The sensitivities around this topic echo throughout our lives. Many times it creates an adoptive parent fragility that adoptees are forced to be sensitive to. We’re groomed to put everyone’s feelings above our own, and it can and will create and a lifetime of struggles. 

It’s taken a lifetime to be able to look myself in the mirror and say, “You are important, and so are ALL of your feelings!” because no one ever did this for me growing up. My life was centered around her and her feelings. It was never about me.

I remember conversations with my adoptive mom way before I reached adulthood, where she wanted to make sure I knew she didn’t want to go to a nursing home when she got old. She also had talked about me being her power of attorney way before I was even an adult. It became evident to me at a very early age, and these were the reasons she adopted two daughters. She had a motive the entire time, and it wasn’t hard to piece it all together as I grew up.  

I never was and never will be the daughter my adoptive parents signed up for. I’m pretty sure I’ve turned out quite the opposite, to be honest. I’ve committed to spending the rest of my days trying to recover from this childhood of pain, not just for myself. For my kids, so they have a chance at seeing a happy and healthy mom, which I never had. Even on the days where I didn’t have the drive and motivation for myself, I do it for them.

Suppose you’ve made it this far, and you are possibly a prospective adoptive parent. In that case, I ask you to please consider intense emotional and psychological therapy before you even think of adopting a child. And then before you choose to adopt, visit pages like @askanadoptee and @howdoesitfeeltobeadopted and read and learn what adoption is like from an adoptee’s perspective. Ask questions on the Ask an Adoptee platform because one thing for sure, adoptees there will tell you the truth, even when it hurts. Have you accepted that relinquishment trauma is a real thing? Do you know anything about it? If you don’t you need to learn from adopted adults. We hold the keys of knowledge but you have to have the willingness to listen and learn.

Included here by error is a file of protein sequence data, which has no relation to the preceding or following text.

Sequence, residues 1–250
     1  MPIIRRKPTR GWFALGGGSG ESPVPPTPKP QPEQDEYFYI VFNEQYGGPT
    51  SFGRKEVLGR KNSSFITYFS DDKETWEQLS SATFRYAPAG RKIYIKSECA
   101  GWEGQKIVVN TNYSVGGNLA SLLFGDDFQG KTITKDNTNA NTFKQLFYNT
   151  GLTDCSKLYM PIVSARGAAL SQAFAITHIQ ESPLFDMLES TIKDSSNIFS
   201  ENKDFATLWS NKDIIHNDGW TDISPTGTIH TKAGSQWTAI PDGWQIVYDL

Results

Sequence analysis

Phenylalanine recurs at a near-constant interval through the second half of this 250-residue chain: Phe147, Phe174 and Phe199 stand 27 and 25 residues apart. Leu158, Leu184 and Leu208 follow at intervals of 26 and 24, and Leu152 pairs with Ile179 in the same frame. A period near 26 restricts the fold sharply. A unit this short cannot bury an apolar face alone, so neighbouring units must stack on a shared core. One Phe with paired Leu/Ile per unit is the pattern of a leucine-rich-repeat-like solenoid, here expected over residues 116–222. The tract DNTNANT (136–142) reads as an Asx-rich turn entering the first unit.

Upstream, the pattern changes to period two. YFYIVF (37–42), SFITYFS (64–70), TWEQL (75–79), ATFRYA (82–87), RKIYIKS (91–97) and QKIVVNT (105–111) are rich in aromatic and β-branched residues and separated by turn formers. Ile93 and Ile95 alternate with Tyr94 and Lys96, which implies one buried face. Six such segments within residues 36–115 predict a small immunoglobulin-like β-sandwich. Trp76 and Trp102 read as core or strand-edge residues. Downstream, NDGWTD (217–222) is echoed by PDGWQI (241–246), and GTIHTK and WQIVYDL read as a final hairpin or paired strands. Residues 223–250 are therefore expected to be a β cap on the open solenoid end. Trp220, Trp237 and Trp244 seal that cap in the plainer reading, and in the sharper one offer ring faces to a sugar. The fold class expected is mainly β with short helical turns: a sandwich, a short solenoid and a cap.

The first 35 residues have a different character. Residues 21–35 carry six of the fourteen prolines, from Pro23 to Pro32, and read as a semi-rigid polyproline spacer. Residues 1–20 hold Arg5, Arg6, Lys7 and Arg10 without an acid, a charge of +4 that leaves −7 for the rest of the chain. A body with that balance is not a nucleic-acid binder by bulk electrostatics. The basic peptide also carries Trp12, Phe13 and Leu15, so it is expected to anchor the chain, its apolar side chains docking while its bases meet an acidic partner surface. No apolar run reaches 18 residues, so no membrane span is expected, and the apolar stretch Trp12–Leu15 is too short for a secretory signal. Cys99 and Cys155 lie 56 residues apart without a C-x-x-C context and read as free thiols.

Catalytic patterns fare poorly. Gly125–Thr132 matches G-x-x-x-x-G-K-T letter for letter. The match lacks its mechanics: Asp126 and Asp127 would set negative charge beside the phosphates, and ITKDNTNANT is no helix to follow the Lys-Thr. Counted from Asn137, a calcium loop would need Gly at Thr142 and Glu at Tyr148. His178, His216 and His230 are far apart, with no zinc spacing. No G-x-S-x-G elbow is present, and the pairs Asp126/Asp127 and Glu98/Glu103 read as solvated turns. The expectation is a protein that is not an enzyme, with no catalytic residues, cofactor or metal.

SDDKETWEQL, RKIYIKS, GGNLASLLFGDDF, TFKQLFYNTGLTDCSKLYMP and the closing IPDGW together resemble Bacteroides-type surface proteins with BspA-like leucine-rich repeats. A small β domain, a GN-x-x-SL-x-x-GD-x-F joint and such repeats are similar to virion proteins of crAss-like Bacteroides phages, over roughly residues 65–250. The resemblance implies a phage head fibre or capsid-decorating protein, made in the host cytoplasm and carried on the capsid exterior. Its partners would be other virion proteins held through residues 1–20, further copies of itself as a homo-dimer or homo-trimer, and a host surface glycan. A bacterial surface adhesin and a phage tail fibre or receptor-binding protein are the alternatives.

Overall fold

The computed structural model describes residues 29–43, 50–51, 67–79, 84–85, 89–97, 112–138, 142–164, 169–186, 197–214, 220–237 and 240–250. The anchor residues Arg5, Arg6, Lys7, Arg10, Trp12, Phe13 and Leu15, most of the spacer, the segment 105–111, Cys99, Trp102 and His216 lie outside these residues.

If you are an adoptive parent already, I urge you to seek deep within ourselves to find out where you are in your recovery and healing with your infertility struggles.  Please do this immediately before you project your pain onto your adoptive child. Also, know that we never can and never will be what your biological child would have been. Unless you have accepted this, you still have work to do.

For my fellow adoptees, I’m so sorry for your pain and heartache. I’m sorry for the unrealistic expectations that have been placed upon you to fill the shoes of a child you were never meant to fill. I’m sorry you weren’t listened to. I’m sorry you haven’t felt your feelings are important as a child or an adult. Your feelings are important, and so are you. Can you relate to anything I have shared here? I would love to hear from you!

Love, Love.

The views and opinions expressed in this article are that of the author, Pamela A. Karanova. Reproduction of the material contained in this publication may be made only with the written permission of Pamela A. Karanova.